The Right to Vote
In 2000 I turned 18 and became of legal voting age here in Canada. It just so happens that year there was a Canadian Federal election, and although my memories are somewhat hazy I am pretty sure it was a pretty heated one. I will also be honest and tell you that I don’t remember who I voted for. Although even if I did, I typically do not tell others how I cast my ballot. You can blame that on old school Soviet paranoia. Alternatively, you can blame it on me wanting to keep an air of mystique around me at all times.
I remember going to vote in the gym of my old elementary school and I remember thinking that the whole process was really anti-climactic. You come in, show ID, walk behind a cheap cardboard barricade, mark a ballot and you’re done. I sometimes think that if there was more pomp and circumstance around the whole thing more people would vote. Like maybe there could be a crowd cheering for you as you exited? Or they could bling out the ballot a little? Add some glitter? I also always imagined the voting booths to be more what you see in the movies, all curtained in and private… And yes, I realize there are people dying for the right to vote and I am here complaining about my voting experience in a Democratic country not being “cool” enough.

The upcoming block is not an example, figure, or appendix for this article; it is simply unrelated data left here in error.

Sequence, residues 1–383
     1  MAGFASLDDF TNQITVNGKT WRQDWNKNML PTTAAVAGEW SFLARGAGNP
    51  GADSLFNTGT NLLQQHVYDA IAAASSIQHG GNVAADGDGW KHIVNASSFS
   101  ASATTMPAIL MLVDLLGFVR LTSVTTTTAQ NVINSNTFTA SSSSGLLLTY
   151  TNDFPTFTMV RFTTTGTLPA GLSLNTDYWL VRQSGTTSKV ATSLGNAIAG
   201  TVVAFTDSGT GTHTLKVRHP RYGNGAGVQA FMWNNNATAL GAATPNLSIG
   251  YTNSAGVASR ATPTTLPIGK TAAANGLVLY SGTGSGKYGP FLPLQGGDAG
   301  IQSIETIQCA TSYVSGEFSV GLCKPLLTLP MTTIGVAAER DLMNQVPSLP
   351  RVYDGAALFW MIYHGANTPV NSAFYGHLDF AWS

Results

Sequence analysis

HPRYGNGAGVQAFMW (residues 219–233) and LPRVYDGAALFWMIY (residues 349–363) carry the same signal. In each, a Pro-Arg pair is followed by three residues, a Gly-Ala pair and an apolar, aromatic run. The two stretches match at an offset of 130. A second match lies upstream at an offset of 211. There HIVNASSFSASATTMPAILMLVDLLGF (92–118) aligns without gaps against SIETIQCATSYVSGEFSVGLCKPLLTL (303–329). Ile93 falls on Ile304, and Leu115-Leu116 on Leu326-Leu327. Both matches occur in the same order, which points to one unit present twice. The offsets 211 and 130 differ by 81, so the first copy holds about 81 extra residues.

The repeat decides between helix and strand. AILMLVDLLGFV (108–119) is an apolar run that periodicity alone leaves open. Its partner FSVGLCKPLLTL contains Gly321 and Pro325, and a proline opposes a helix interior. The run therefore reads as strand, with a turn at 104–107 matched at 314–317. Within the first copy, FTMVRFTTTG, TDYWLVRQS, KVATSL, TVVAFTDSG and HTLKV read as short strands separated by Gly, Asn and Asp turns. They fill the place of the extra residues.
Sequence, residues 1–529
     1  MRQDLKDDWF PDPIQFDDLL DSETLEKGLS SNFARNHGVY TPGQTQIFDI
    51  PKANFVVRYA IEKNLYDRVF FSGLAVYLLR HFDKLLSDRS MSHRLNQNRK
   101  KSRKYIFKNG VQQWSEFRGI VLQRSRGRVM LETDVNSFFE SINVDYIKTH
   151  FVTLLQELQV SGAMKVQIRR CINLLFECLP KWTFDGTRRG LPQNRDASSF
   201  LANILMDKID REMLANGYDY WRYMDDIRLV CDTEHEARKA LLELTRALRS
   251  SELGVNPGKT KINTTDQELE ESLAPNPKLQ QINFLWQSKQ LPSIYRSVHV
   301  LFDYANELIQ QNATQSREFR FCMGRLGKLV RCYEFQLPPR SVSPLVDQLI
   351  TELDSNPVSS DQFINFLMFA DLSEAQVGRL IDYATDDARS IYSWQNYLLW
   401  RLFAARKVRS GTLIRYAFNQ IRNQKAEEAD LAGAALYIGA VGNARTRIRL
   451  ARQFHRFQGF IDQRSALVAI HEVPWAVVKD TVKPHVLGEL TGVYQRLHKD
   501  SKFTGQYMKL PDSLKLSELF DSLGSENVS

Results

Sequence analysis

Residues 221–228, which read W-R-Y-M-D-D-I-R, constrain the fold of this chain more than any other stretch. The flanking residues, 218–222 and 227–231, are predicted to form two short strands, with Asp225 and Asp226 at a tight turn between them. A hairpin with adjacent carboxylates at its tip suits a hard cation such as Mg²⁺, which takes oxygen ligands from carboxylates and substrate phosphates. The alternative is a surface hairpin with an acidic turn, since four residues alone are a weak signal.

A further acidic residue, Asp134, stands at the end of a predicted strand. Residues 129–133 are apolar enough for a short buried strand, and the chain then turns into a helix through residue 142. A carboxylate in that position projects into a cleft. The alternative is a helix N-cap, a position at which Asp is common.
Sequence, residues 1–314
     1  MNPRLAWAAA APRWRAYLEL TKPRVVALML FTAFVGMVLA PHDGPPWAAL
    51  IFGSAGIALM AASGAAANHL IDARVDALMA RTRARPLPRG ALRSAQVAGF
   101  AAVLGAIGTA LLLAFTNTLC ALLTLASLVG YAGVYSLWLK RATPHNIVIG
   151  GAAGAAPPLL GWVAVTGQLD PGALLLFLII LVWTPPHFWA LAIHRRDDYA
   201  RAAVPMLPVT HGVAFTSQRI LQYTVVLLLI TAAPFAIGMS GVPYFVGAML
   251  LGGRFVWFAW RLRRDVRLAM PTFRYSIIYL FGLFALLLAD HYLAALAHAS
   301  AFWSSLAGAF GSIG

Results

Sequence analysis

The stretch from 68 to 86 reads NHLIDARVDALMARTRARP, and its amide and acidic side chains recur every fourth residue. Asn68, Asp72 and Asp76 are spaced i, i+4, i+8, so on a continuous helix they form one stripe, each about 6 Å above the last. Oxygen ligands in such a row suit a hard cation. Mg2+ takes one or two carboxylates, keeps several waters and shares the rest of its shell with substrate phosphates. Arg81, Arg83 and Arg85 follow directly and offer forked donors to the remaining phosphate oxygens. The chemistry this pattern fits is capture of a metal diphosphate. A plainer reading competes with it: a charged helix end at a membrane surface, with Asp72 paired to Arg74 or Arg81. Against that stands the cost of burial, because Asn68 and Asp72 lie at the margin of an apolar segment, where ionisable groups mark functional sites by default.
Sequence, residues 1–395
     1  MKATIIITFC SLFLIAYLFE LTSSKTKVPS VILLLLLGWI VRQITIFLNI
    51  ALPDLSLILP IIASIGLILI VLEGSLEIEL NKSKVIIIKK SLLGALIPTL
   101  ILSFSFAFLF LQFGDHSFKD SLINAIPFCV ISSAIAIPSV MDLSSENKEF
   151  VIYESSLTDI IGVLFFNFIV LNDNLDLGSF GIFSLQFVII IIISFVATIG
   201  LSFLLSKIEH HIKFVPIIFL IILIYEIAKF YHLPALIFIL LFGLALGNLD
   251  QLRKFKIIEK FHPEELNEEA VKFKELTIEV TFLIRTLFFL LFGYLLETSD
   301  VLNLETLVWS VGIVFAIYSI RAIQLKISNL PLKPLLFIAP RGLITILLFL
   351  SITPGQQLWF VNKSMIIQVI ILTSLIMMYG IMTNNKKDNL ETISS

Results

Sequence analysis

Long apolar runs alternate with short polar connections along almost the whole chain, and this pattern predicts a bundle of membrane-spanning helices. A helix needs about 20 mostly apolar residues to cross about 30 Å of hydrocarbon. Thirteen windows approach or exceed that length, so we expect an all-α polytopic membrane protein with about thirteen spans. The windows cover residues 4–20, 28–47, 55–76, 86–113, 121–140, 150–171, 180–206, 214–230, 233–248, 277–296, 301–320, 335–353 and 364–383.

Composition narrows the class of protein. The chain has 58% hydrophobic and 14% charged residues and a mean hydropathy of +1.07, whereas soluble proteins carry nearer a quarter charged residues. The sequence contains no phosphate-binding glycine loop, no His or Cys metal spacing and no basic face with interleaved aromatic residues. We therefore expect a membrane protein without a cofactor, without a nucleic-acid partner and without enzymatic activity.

Anyway, the important thing is that I voted. I have missed one voting opportunity since that November day for reasons beyond my control. And I felt pretty bad about it. It has been drilled into my head that voting is such an important thing to do so I had all sorts of Democratic guilt after missing Election Day a few years ago.
I also wanted to write about this because of the recent passing of Jack Layton. I am not going to tell you if I voted for him in the last election or any prior to that, but I can tell you that I live in his riding in Toronto so the NDP orange has been a staple of my neighborhood around election time. I think most people in Toronto, whether they live in his riding or not, felt a bit of a connection with him since we shared this town and he was always proud to be from here. His passing was a shock to a lot of people, including myself. More than just his death, a lot of people have been surprised by how much they care. I don’t mean that to sound callous, but I have had numerous conversations with my friends who said they were deeply saddened by the news, much more so than they would have expected.
I think there are numerous reasons for this. Jack was charismatic, he focused a lot on the youth vote so a lot of people within my age group grew up with him being a huge motivation for voting, and most importantly, for caring. His party just formed the Official Opposition as the outcome of the last election. People were excited for change. His time had seemingly finally come, and then…
I am not going to quote his letter to Canadians because it seems like everyone has already done that. I will say that although I did not agree on everything with him, he was a passionate politician that made people hopeful and that, is a rare find. He will be missed.
If you want to read a great piece about the man (and maybe cry a little) here is one of my favorites.